After the CLP procedure, rats became hypotensive after 24 hours, and lactate concentrations increased over time from 6 to 24 hours. In addition, CLP animals were leukopenic at 24 hours compared with sham-operated animals. Interestingly, LPS animals were comparable to the CLP 24 hour group in this regard, whereas the CLP 6 hour group was not different from sham animals. These hemodynamic and biochemical changes are consistent with previous investigations using the CLP model (12,13) and are comparable to a profile characteristic of clinical sepsis (14). In contrast to our results, Scott et al. (15) reported a smaller count of leukocytes six hours after CLP with the same model and animal breed. However, the leukocyte count and lactate concentration of their study were comparable to ours 24 hours after the induction of CLP (15).
Results from the established and potent receptor-mediated vasoconstrictor AngII demonstrated that vasoreactivity of pulmonary smooth muscles was not altered during CLP- and LPS-mediated sepsis, thus confirming the functional integrity of pulmonary smooth muscles during septic injury. In accordance with our data, Schneidkraut and Carlson (16) showed in isolated perfused lungs that vasoconstriction by AngII was not decreased in rats four hours after CLP. Li et al. (17), however, demonstrated that 16 hours after CLP, pulmonary vasoconstriction due to KCl and angiotensin was depressed in lungs compared with sham groups. One explanation for these divergent reactivities seen in septic rats besides the different sepsis models could be the different times of measurement after initiation of sepsis. Pulmonary smooth muscles might be influenced to a different degree over the observed time periods. In addition, the type of vasoconstrictor (e.g., AngII, KCl, or phenylephrine) applied to the pulmonary circulation seems to be important. McCormack et al. (18) demonstrated attenuated vascular contractility to phenylephrine in rat pulmonary arterioles 24 hours after CLP. However, both AngII and phenylephrine are receptor-mediated vasoconstrictors; therefore, the reason for the observed discrepancy remains unclear.
Concentration-dependent vasoconstriction due to BK and attenuation by concomitant treatment with l-NIL in LPS animals was in agreement with previously published results (3,4). Lee et al. (19) already demonstrated that NO production can exert toxic effects on the pulmonary endothelial layer during sepsis. In addition, many investigators have pointed out that activation of iNOS in the lung is the major cause of microvascular injury associated with sepsis (20–22).
In our study, we focused on the vasoconstrictive properties of BK, although BK receptor subtypes (BK1 or BK2) are known to be responsible for both vasodilation and vasoconstriction. Vasoconstriction of pulmonary vessels induced by BK might be caused by direct receptor stimulation at the level of the vascular smooth muscle, suggesting endothelial dysfunction. We already demonstrated that BK2 receptors are involved in mediating BK-induced vasoconstrictions in LPS rats (4).
In this study, the important role of iNOS for pulmonary endothelial dysfunction was confirmed for both the LPS and the CLP sepsis models, because highly increased iNOS protein expression was detectable in both LPS six hour and CLP six hour rats (Fig. 5). This endothelial dysfunction was diminished by concomitant administration of l-NIL, a selective iNOS inhibitor. The fact that iNOS protein expression was significantly reduced 24 hours after CLP underlines the important role of iNOS in this respect (Fig. 5).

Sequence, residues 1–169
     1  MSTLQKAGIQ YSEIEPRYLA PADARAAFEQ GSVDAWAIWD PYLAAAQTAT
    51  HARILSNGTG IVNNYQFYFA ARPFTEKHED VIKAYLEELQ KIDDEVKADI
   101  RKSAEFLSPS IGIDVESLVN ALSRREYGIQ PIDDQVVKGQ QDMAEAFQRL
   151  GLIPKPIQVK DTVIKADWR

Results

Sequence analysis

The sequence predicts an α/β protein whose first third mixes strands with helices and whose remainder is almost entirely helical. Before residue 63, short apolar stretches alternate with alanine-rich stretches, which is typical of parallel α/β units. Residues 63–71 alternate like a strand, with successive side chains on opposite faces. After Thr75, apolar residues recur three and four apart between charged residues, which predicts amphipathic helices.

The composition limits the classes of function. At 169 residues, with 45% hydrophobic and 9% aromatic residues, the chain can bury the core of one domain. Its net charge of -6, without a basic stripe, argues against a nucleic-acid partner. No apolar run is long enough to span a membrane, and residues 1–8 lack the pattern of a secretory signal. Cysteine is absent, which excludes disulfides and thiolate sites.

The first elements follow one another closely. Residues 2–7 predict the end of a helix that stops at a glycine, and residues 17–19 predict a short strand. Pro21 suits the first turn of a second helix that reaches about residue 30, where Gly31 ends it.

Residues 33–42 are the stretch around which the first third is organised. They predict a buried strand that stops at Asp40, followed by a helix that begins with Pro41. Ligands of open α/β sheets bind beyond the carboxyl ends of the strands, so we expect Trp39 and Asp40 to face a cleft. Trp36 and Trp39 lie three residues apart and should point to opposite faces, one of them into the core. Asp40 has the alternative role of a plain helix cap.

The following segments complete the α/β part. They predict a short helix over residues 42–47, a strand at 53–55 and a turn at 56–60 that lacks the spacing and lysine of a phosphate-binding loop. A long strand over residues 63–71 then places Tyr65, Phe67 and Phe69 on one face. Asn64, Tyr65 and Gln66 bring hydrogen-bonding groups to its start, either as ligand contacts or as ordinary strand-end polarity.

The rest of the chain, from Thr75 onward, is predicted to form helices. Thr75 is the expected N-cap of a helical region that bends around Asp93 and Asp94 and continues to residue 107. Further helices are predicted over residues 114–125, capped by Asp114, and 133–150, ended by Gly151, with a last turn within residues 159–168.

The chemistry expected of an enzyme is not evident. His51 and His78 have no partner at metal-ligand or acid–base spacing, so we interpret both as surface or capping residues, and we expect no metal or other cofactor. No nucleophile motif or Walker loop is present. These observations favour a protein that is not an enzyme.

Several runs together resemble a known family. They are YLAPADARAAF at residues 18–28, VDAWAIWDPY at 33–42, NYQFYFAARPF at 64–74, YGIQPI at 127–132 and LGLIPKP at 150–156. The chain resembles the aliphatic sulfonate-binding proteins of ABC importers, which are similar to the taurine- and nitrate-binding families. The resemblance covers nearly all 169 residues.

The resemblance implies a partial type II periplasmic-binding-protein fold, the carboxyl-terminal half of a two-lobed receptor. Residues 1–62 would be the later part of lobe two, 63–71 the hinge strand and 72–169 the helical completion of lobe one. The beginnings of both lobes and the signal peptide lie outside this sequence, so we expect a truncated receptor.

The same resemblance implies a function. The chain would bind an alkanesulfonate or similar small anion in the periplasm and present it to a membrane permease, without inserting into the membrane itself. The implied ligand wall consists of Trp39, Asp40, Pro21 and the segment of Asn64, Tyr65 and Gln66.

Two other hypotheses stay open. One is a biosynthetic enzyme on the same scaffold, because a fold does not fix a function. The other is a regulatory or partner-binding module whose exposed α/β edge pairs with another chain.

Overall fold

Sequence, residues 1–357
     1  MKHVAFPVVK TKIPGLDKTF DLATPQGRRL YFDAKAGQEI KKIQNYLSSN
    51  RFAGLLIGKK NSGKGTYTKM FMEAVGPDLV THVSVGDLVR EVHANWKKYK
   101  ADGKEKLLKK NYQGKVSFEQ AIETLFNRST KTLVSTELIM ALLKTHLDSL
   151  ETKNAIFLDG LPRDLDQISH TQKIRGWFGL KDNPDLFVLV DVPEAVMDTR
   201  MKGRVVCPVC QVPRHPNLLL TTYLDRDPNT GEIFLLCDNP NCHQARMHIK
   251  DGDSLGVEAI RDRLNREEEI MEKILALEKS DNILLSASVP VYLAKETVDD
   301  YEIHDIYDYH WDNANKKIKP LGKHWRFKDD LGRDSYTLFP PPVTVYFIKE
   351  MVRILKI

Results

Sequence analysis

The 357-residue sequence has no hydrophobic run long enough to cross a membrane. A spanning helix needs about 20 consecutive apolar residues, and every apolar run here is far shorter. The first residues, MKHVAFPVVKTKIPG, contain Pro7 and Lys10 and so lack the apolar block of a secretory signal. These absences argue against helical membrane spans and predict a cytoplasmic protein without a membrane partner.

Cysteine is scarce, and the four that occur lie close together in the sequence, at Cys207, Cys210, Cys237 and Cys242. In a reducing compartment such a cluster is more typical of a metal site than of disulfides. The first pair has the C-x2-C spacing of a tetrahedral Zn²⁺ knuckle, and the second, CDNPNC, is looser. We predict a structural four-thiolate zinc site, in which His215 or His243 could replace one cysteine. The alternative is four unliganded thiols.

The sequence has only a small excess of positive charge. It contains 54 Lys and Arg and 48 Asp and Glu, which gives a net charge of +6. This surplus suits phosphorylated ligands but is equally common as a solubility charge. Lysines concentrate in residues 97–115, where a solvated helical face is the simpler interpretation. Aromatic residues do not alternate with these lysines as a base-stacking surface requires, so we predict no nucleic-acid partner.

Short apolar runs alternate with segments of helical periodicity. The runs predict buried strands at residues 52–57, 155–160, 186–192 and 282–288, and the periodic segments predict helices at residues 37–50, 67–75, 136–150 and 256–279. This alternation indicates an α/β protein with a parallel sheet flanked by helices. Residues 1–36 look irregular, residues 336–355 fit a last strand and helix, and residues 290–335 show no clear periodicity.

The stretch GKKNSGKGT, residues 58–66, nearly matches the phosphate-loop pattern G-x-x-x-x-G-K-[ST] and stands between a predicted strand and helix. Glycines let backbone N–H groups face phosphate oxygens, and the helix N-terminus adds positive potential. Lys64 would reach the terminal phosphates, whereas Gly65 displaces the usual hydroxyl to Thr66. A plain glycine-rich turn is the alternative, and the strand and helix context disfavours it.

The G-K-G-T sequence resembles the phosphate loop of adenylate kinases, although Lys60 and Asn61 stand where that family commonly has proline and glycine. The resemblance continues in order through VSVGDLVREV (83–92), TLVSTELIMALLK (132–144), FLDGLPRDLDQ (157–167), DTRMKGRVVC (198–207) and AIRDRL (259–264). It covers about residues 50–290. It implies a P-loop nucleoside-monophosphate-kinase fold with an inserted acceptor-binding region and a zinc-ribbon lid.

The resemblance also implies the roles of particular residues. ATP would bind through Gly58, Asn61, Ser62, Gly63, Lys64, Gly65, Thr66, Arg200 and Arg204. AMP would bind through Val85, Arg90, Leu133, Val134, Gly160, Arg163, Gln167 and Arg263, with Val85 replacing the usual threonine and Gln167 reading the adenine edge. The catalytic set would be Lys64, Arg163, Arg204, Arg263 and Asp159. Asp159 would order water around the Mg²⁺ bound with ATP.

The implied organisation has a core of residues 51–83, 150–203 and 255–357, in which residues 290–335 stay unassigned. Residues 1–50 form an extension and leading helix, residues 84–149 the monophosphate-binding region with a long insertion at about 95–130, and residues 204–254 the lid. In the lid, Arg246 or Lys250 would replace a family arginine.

Determination of iNOS protein by the Western Blot technique referred to alterations in protein expression of the whole lung in this study. With our experimental setup, we could not determine the exact location of iNOS production. However, we think that iNOS must be induced in close proximity to the pulmonary endothelial layer, because the produced NO is rapidly inactivated by the hemoglobin in the perfusate. This is supported by the studies of Carraway et al. (20) and Kobzik et al. (21), who showed strong iNOS expression after CLP and LPS, respectively, in alveolar and bronchial epithelium, capillary endothelium, macrophages, and Clara cells. In this study, the expression of iNOS protein was confirmed in CLP rats at 6 hours, but not at 24 hours. In accordance with our results, Scott et al. (15) demonstrated significantly increased iNOS expression six hours after the induction of sepsis by the CLP procedure in lungs of Sprague-Dawley rats. The iNOS expression was markedly decreased at CLP 24 hours compared with CLP 6 hours (15). In contrast to our results, Okamoto et al. (23) observed iNOS bands from homogenates of CLP rat lungs from 6 to 42 hours. The density of bands tended not to decrease before 36 and 42 hours, respectively (23). They used a rabbit immunoglobulin G antibody against iNOS purified from RAW 264.7 cells (mouse leukemic monocyte cell line), whereas our monoclonal antibody was of a immunoglobulin G1 isotype and generated from mouse iNOS. In addition, they used a different strain of rats, namely, male Wistar King rats. These differences could explain the contradictory Western blotting results.